There’s been an increasing number of hurdles placed in front of property investors in the past couple of years.
With weaker market conditions I thought it was a good time to check in on the fundamentals to see whether it will be enough for property investors to jump back into action*.
It’s tough to get the sums to stack up at present
Given 40 per cent deposits (unless buying a new-build), low gross rental yields, higher mortgage rates (not to mention tough serviceability tests), increased compliance costs, removal of interest deductibility, and flattening rents, there are several key challenges for a would-be new investor.
With these challenges, it’s little wonder the CoreLogic Buyer Classification data shows that mortgaged multiple property owners (MPOs, including investors) are currently running at about a 21 per cent share of purchases, close to all-time lows.
Not a total disaster
That being said, the situation is not a total disaster.
Those figures still mean that one in every five deals is going to a mortgaged MPO.
Kept in context, it’s within a low overall number of transactions.
But clearly some investors are still finding value and new-builds are no doubt one of these opportunities.
Anecdotally there are relative ‘bargains’ to be picked up, with some developers looking to shift stock so they can crack on with their next project.
In the weak market, others will simply be doing deals on existing properties at discounted prices.
Cash remains king
Meanwhile, cash MPOs (yes, they do survive in any economic storm) are enjoying the weak market conditions too.
Their share of purchases has risen to a record high from around 10 per cent in late 2021 to closer to 15 per cent now.
In a market where finance is restricted and costly, it stands to reason that ‘cash is king’.
When we look at investor activity by size of portfolio, the decline in market share has tended to be a bit bigger for those with fewer properties – in other words, the ‘mums and dads’ have found the going a bit tougher than bigger landlords.
Again, that makes sense in the current market conditions, given having the resources or banking relationships for a deposit to keep buying is challenging.
Investor crystal balling
If we put ourselves in the shoes of an investor, what would be worth considering over the coming months and is it a time to buy?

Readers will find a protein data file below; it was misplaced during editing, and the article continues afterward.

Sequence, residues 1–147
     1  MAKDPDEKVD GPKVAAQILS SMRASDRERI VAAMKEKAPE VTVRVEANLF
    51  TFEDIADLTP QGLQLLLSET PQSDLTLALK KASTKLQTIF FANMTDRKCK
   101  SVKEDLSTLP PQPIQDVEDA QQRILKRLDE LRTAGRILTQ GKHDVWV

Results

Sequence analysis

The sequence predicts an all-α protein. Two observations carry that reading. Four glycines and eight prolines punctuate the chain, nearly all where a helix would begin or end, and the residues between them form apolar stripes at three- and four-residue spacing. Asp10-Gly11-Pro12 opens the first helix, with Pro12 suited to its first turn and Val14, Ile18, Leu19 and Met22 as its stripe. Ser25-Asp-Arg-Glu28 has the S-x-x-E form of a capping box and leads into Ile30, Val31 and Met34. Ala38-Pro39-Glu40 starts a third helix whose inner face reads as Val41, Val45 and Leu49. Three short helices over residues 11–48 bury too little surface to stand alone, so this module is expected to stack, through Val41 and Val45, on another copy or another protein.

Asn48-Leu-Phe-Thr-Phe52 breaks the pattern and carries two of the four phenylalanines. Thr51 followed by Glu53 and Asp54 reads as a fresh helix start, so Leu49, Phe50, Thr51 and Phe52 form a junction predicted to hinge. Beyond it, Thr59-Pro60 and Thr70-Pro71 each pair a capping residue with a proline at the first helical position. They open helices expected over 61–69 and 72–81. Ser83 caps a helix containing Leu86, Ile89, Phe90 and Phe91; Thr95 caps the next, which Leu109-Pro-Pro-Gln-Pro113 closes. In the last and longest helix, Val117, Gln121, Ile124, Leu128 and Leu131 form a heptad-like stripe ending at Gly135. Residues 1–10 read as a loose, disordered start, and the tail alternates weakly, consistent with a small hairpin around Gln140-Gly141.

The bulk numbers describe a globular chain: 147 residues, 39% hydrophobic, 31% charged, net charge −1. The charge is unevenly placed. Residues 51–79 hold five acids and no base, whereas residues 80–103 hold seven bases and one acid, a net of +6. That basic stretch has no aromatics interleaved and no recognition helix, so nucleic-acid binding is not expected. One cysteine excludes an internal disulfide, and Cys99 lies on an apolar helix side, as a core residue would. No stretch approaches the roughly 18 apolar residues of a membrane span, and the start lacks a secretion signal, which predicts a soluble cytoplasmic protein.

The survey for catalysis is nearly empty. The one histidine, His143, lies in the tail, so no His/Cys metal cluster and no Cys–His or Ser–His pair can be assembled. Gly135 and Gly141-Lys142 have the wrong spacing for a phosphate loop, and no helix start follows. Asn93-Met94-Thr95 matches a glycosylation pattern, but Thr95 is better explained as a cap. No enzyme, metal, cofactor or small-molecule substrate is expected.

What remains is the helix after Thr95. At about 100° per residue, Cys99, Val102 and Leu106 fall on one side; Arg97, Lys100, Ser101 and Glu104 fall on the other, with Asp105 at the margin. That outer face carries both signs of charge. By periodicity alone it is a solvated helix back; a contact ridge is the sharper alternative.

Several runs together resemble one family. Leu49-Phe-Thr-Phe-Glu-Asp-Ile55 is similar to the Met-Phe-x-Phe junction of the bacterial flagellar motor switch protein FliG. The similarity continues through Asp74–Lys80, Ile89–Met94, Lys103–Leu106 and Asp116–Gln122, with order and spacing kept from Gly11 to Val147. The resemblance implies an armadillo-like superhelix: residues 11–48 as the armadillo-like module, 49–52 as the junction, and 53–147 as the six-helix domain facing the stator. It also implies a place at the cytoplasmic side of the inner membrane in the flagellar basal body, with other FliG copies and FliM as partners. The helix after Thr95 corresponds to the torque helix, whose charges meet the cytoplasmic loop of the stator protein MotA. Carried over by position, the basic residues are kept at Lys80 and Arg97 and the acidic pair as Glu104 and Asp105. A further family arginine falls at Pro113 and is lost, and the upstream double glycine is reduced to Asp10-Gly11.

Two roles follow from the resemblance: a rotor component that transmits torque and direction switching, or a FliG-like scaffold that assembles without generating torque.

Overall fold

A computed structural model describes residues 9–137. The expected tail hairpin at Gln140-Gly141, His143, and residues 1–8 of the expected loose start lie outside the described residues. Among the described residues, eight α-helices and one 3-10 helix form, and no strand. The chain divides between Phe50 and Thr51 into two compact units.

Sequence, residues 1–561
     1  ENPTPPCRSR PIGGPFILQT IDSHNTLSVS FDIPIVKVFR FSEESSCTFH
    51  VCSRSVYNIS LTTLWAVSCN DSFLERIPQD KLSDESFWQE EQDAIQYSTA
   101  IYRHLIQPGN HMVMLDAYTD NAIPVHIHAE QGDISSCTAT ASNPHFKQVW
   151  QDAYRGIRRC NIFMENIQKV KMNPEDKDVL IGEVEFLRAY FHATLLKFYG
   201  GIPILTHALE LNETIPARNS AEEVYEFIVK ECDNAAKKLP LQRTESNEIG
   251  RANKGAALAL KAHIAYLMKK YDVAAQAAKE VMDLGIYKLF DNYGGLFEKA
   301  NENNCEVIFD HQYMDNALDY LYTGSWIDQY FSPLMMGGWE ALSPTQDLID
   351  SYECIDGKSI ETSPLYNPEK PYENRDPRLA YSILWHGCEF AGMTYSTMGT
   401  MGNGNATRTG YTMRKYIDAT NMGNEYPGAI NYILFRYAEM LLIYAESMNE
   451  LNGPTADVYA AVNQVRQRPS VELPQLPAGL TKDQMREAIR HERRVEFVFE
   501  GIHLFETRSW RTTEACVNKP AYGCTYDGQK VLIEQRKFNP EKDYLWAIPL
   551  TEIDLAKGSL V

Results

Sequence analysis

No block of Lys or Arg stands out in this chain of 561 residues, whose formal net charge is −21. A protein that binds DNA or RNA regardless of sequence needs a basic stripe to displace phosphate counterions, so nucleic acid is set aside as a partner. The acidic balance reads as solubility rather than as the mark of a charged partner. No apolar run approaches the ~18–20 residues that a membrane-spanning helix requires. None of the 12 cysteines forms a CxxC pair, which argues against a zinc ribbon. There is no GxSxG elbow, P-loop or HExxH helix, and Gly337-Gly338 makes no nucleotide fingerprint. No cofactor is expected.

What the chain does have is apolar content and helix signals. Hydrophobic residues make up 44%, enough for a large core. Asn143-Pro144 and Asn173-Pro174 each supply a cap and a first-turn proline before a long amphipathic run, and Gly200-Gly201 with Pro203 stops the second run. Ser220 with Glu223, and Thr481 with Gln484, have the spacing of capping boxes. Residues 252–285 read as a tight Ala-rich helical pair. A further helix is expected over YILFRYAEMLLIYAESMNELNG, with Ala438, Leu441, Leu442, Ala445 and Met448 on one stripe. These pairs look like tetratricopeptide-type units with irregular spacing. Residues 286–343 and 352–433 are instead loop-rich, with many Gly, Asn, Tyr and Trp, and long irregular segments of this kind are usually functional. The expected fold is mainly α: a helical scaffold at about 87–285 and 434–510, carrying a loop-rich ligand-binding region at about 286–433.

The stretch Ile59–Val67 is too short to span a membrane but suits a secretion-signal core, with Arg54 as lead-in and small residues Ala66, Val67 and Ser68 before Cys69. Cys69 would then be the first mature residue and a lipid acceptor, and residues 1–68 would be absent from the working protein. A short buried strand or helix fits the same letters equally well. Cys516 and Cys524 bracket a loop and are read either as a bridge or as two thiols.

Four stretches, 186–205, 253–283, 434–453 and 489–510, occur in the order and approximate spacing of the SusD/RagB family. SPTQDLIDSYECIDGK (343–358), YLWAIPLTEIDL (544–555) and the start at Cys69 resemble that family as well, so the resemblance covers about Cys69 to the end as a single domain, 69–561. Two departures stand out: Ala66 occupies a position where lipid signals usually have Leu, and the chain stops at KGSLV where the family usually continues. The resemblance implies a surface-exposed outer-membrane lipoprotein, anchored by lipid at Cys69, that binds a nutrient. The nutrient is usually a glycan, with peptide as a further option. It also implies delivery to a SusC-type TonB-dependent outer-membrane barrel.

The first question, for investors and buyers more broadly, is to ask when property values might bottom out?
No one knows exactly, but my working assumption is that as mortgage rates finally peak in the next few months (if they haven’t already), we may see sales activity pick up a little in the second half of the year and property values in many parts of the country find a floor.
Will National win the Election and reinstate interest deductibility?
This scenario does seem to be getting more likely as the days go by, but it’s probably still prudent to work the numbers on what we know now, and if the rules change, that’s a bonus for investors.
How will lending rules evolve?
I’m not anticipating any changes to the loan to value ratio rules (LVRs) this year, although November’s Financial Stability Report might signal a loosening in 2024, which would be when the formal caps on debt to income ratios are likely to be introduced.
The cap could be set at seven for all borrowers, with a speed limit system and new-build exemption.
You can find a handy RBNZ LVR explainer here.
Ultimately, I suspect many would-be investors are currently weighing up the need to top-up a property investment’s cashflow from other income sources over a three- to five-year horizon versus the scope for renewed capital gains over that period, which are uncertain and only ‘on paper’ until realised.
It’s by no means an easy balancing act, but one factor that will work in favour of investors are signs that net migration is back in the black – a boost for tenant demand and rents this year.